Three players vying to fill big shoes as Hinsdale Central’s starting quarterback

Red Devils must replace dual-threat QB Michael Brescia, eight starters on ‘D’ from 6-0 team

Hinsdale Central football coach Brian Griffin dealt with constant turmoil in his first few seasons leading the program.

At the outset, he accepted the head coaching job in the midst of the controversial $140 million referendum, which led to a temporary suspension of the program in the winter of 2018-19.

After the program was reinstated and posted an 8-2 record in 2019, the COVID-19 pandemic was another obstacle for Griffin to overcome last year.

Throughout the chaos and uncertainty, Griffin could rely on one constant: Michael Brescia. The dual-threat quarterback was the epitome of stability, leading the Red Devils to a 14-2 record in his final two seasons. Brescia provided big-play ability with his legs and arm on a consistent basis, and his leadership, toughness and experience brought stability and confidence to the offense. The Red Devils won all six of their games in the spring behind a stout defense and diverse offense.

The graduation of the Colgate recruit leaves a gaping hole at quarterback that remains unfilled at this point of the summer. Griffin said three players are competing for the starting job.

At a 7-on-7 at Downers Grove South on July 17, Griffin talked more about the open QB1 spot, which is a battle between senior Lynden McCarroll and juniors Benjamin Monahan and Billy Cemugel.

“The three are all great kids,” Griffin said. “They’re all competing. It’s fun. They all want to win but understand the team aspect as well. It’s an eclectic mix with one senior who has worked really hard and two juniors competing and working their way up to play quarterback. But competition makes everybody better.”

McCarroll has a slight edge for the starting position after backing up Brescia. The 6-foot-1, 175-pound McCarroll is the most experienced among the three quarterbacks after getting reps late in a few games in the spring.

“I learned a lot from Brescia, and he really inspired me to take the quarterback position seriously,” McCarroll said. “I think I’m getting better at staying in the pocket. I used to like to run a lot, but now I sit in the pocket more. I’m excited for the season, and it will be great competition with Ben and Billy.”

Cemugel, who is 6-3 and 175 pounds, played exclusively on the lower levels last season.

“I’m looking forward to the competition in 7-on-7s and practice,” Cemugel said. “In the summer, I think my passes have been good, but in games, my running ability will show.”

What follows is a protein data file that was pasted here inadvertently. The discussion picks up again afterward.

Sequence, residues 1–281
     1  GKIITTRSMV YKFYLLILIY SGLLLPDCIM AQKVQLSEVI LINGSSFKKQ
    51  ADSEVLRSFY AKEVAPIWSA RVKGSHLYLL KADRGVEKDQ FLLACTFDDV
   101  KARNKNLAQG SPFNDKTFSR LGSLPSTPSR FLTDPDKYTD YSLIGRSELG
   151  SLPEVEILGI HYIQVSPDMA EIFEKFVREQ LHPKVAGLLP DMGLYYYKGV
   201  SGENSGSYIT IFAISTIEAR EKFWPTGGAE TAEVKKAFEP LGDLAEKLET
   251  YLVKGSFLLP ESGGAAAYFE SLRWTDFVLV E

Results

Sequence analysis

The 6-2, 195-pound Monahan split time with Cemugel last season, earning valuable reps while building confidence to compete for the varsity job.

“I’m definitely a pass-first quarterback, but when I feel pressure, I’ll definitely run the ball,” Monahan said. “This is a great opportunity. I’m really excited. We’re all having fun, competing and slinging the ball.

“Michael was a great mentor, took us all under his wing and taught us to be resilient and to keep pounding and be a leader.”

In the spring, the Red Devils’ defense was the strength of the squad, holding five teams, including Glenbard West, to one score or less. The defense allowed a scant 31 points in six games.

The defense must retool by replacing eight starters. The offense brings back several linemen among its six returning starters.

So there may be greater importance on the offense this fall to carry the load.

And that starts at quarterback, where Brescia led the way the past two seasons. As a junior, Brescia passed for 1,314 yards and 19 touchdowns and ran for 496 yards and nine scores. In his senior year, Brescia threw for 955 yards and nine TDs and rushed for 490 yards and 12 touchdowns in the six-game abbreviated spring season.

Those numbers will be hard to duplicate, let alone replacing Brescia’s understanding of the offense.

“It’s been a fun couple of weeks,” Griffin said of summer workouts. “All three of them have skills that are different. It’s hard to make those decisions. The kids are more comfortable with it than the coaches are. They’ve done it, and that’s been their experience. They’re used to competing every day. These are great problems to have. It’s fun to have three talented kids competing for a position.”